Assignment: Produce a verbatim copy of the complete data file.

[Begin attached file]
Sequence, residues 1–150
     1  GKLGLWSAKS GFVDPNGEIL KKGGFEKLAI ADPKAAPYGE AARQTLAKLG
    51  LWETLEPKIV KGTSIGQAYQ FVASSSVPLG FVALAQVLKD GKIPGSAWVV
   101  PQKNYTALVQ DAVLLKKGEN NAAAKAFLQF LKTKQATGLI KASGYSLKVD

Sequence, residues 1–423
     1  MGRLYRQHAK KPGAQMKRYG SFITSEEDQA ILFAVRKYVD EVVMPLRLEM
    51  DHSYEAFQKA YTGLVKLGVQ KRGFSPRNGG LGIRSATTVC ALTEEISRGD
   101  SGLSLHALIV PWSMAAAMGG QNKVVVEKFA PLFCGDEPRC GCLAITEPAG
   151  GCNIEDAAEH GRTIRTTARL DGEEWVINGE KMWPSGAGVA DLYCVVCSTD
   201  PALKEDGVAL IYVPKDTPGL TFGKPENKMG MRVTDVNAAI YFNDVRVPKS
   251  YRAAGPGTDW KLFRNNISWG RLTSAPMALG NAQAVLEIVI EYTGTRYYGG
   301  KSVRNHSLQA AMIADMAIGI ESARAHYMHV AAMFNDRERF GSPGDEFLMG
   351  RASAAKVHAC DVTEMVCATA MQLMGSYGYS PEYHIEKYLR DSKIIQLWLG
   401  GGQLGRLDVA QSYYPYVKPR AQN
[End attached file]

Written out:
Sequence, residues 1–150
     1  GKLGLWSAKS GFVDPNGEIL KKGGFEKLAI ADPKAAPYGE AARQTLAKLG
    51  LWETLEPKIV KGTSIGQAYQ FVASSSVPLG FVALAQVLKD GKIPGSAWVV
   101  PQKNYTALVQ DAVLLKKGEN NAAAKAFLQF LKTKQATGLI KASGYSLKVD

Sequence, residues 1–423
     1  MGRLYRQHAK KPGAQMKRYG SFITSEEDQA ILFAVRKYVD EVVMPLRLEM
    51  DHSYEAFQKA YTGLVKLGVQ KRGFSPRNGG LGIRSATTVC ALTEEISRGD
   101  SGLSLHALIV PWSMAAAMGG QNKVVVEKFA PLFCGDEPRC GCLAITEPAG
   151  GCNIEDAAEH GRTIRTTARL DGEEWVINGE KMWPSGAGVA DLYCVVCSTD
   201  PALKEDGVAL IYVPKDTPGL TFGKPENKMG MRVTDVNAAI YFNDVRVPKS
   251  YRAAGPGTDW KLFRNNISWG RLTSAPMALG NAQAVLEIVI EYTGTRYYGG
   301  KSVRNHSLQA AMIADMAIGI ESARAHYMHV AAMFNDRERF GSPGDEFLMG
   351  RASAAKVHAC DVTEMVCATA MQLMGSYGYS PEYHIEKYLR DSKIIQLWLG
   401  GGQLGRLDVA QSYYPYVKPR AQN